Foliar calcium products with a recommendation of 1 quart per acre and sprayed at a total spray volume of 10 to 20 gallons per acre do not provide enough calcium.
However, liquid calcium applied through a center-pivot irrigation system is different. This is considered a soil-applied application because the amount of water per acre is such that it runs off the leaves and onto the soil. For comparison, the foliar-fed system applies 10 gallons per acre, whereas applying 1 acre-inch of water through the pivot puts out approximately 27,000 gallons of water!
Q Which is better on dryland peanuts: lime or gypsum?
A In most years, gypsum outperforms lime applied at planting for providing calcium to the pegging zone. The calcium in lime is less soluble than the calcium in gypsum under limited water situations. In dryland production, and without significant rains, the calcium in lime may not become available to the developing pods in the pegging zone as it would with the use of irrigation.
Q Should I split my gypsum applications and put some on at planting and some at early bloom?
A Research studies have not found this to be a benefit to providing calcium to the crop. In fact, if you get a big rain early, the calcium can leach or move downward out of the pegging zone. Plus, split applications would add an unnecessary trip across the field.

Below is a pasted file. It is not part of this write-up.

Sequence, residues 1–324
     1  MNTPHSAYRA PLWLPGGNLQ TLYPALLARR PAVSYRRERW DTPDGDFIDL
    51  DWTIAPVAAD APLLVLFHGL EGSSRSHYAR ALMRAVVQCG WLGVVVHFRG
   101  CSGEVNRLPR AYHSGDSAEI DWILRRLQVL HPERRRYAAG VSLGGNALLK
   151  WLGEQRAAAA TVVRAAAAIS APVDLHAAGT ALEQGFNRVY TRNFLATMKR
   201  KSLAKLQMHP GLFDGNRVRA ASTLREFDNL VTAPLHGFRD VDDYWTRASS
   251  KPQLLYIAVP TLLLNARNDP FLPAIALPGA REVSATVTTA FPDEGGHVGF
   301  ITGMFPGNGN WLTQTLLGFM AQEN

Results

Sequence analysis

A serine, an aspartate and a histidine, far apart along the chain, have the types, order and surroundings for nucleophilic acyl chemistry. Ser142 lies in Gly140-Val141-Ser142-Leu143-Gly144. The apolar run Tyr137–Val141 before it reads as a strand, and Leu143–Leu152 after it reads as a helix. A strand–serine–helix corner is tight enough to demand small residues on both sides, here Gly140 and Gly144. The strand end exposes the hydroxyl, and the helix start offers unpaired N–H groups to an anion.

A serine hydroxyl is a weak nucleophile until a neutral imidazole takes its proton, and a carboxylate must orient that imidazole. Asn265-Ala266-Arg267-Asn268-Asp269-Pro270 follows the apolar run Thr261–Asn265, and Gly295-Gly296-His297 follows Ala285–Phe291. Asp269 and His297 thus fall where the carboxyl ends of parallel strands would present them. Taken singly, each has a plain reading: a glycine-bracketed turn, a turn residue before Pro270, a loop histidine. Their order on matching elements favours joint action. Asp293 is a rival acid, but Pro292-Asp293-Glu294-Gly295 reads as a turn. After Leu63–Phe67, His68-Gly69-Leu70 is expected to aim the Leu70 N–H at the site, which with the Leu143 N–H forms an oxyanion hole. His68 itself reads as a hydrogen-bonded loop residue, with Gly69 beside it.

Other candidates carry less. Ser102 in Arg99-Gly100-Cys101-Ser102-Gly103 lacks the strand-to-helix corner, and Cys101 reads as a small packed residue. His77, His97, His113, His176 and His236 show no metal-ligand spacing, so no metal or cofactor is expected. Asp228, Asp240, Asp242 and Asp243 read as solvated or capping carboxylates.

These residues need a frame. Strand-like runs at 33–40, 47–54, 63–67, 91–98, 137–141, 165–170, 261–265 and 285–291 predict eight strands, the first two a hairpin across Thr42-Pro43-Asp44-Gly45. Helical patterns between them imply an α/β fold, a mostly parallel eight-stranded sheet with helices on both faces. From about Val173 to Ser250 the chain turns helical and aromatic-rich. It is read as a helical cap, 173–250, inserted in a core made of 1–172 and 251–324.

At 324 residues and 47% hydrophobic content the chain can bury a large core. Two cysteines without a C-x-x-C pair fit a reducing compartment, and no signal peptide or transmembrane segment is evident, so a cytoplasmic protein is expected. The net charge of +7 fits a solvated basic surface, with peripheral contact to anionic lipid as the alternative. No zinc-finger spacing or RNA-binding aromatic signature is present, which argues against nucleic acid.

Q How late in the season is too late to put out gypsum?
A Gypsum should be applied at early bloom or approximately 30 to 45 days after planting, depending on growing conditions.
Once you get past 100 days after planting, the majority of pods have absorbed what calcium there is in the soil solution. It is either enough for kernels to develop or not. After this, damage to the vines during application would not be desirable.
Q What are the recommended calcium requirements in soil and gypsum application rate?
A The current recommendation from the University of Georgia is you need both 500 pounds per acre and a calcium to potassium ratio of at least 3:1 in the pegging zone. If either of these levels is not met in a pegging zone soil test, then apply 1,000 pounds per acre of gypsum at early bloom to runner-type peanuts.
Peanuts to be saved for seed should automatically receive 1,000 pounds per acre of gypsum at early bloom even if these levels are met.
Virginia-Market Type Calcium Q & A